“No. 1, if it’s not broke, don’t fix it,” Fox said. “No. 2, every time we do this kind of a takeover, like we did with the Blue Line, we supposedly added 51 officers to the force, when in fact, they were dedicated only to the Blue Line and we’re still 200 officers short. So, our budget in the city of Long Beach has never been police-specific as it should be. I think that’s a real critical issue here. We’re adding on a responsibility to the police department, which is already understaffed, and all you’re doing is changing out really qualified security people who are specifically trained for the airport with people who are not specifically trained for the airport. And I believe that is a dangerous combination for this city.”

Fox added that there have been no security issues at the airport but there is indeed increased crime on the streets. Like Vazquez, he criticized city officials for the lack of notice on the item.

“I think it’s insulting to the citizens of Long Beach to have such short notice on such an important issue,” he said. “We had to grumble around trying to figure out what this is all about.”

After public comment, City Manager Patrick West remarked that “no one is being replaced.”

Mayor Robert Garcia called for a second on the motion, but no councilmember made one, therefore the item did not move forward for discussion or vote.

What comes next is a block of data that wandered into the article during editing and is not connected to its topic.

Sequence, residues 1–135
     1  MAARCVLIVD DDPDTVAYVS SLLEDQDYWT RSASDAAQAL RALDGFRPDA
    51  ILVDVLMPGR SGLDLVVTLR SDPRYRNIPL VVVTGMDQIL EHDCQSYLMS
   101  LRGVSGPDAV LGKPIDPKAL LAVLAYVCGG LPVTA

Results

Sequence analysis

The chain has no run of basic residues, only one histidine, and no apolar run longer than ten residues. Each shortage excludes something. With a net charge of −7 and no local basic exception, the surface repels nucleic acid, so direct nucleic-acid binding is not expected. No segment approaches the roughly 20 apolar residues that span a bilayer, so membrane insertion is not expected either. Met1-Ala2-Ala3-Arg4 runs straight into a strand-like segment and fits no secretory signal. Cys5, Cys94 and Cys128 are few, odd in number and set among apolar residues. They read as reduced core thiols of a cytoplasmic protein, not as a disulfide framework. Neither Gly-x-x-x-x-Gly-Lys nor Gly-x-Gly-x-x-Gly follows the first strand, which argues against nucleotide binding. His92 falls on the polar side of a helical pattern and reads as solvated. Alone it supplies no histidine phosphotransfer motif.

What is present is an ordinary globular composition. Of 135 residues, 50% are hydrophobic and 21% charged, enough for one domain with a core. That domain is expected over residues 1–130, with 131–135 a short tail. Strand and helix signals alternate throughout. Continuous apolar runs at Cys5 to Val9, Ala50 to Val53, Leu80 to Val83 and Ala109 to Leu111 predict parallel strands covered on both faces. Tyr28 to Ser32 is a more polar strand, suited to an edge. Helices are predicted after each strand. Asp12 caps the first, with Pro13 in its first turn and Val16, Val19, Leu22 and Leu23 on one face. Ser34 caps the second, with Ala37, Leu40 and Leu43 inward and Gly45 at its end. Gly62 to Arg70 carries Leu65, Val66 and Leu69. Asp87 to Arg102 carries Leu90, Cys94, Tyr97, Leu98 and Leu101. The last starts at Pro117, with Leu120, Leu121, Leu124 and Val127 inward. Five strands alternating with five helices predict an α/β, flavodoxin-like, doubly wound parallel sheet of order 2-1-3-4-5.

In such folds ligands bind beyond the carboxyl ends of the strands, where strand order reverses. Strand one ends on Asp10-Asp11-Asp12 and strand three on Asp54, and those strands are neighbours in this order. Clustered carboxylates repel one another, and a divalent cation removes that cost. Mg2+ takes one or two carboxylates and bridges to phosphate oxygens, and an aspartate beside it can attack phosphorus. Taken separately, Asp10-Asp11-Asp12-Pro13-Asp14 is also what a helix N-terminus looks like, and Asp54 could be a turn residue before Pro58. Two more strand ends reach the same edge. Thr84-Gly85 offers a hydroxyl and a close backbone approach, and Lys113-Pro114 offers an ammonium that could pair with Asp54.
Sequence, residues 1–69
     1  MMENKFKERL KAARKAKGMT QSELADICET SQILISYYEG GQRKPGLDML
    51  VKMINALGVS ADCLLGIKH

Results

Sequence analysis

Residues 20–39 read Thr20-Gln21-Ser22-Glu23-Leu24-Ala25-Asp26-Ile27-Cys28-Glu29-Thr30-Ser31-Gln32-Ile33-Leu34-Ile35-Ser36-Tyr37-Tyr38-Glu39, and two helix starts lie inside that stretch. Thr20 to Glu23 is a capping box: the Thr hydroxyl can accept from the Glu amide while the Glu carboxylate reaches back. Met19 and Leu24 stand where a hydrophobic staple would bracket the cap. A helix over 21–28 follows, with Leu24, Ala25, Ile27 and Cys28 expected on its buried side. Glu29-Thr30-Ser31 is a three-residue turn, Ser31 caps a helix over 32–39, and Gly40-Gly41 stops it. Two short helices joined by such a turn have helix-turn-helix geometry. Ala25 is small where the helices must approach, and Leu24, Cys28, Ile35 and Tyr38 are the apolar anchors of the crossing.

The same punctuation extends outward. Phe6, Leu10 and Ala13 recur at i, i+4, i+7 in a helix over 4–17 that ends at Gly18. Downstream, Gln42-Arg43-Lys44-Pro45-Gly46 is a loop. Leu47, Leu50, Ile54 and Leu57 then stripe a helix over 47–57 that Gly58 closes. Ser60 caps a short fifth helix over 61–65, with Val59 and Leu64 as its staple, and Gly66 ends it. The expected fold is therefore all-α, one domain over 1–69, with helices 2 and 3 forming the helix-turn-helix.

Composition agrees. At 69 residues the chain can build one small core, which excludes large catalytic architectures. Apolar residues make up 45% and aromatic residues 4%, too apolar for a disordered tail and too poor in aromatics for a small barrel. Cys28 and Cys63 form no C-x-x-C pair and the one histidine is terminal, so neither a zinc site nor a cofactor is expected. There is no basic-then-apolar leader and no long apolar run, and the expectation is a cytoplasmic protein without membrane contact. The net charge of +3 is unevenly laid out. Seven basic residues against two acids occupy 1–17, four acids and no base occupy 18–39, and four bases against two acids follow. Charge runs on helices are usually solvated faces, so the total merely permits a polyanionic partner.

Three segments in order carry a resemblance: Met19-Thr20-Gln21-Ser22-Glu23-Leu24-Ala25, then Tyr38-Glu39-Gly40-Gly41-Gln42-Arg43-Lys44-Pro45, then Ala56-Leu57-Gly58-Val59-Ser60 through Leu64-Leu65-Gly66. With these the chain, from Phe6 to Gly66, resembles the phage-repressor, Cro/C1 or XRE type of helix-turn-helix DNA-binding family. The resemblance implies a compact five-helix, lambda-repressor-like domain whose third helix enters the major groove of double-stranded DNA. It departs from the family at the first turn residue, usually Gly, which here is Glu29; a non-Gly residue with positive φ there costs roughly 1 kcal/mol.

One agenda item included a staff recommendation to enter into a memorandum of understanding with the home-security-system company Ring LLC, for access to its neighborhood-watch platform, Ring Neighbors.

Vice Mayor Dee Andrews made a motion to postpone the item so that the City can look into developing a rebate program for residents, as the company does with other cities.

Fifth District Councilmember Stacy Mungo agreed with Andrews and seconded the motion. She also mentioned, however, that there are other options for getting discounts on the product besides the rebate program.

The council and staff conducted a hearing on the property at 4251 Long Beach Blvd., which is zoned for commercial use but includes 25 square feet zoned for residential use.

Christopher Koontz, planning officer in the Bureau for Development Services, explained that the motion was for council to approve making the entire lot commercial, which the seven attending councilmembers did with a unanimous vote.

The council voted 7-0 to pass an ordinance imposing interim regulations on the issuance of building permits, conditional-use permits or other entitlements for new drive-through lanes throughout the city.

SLAM event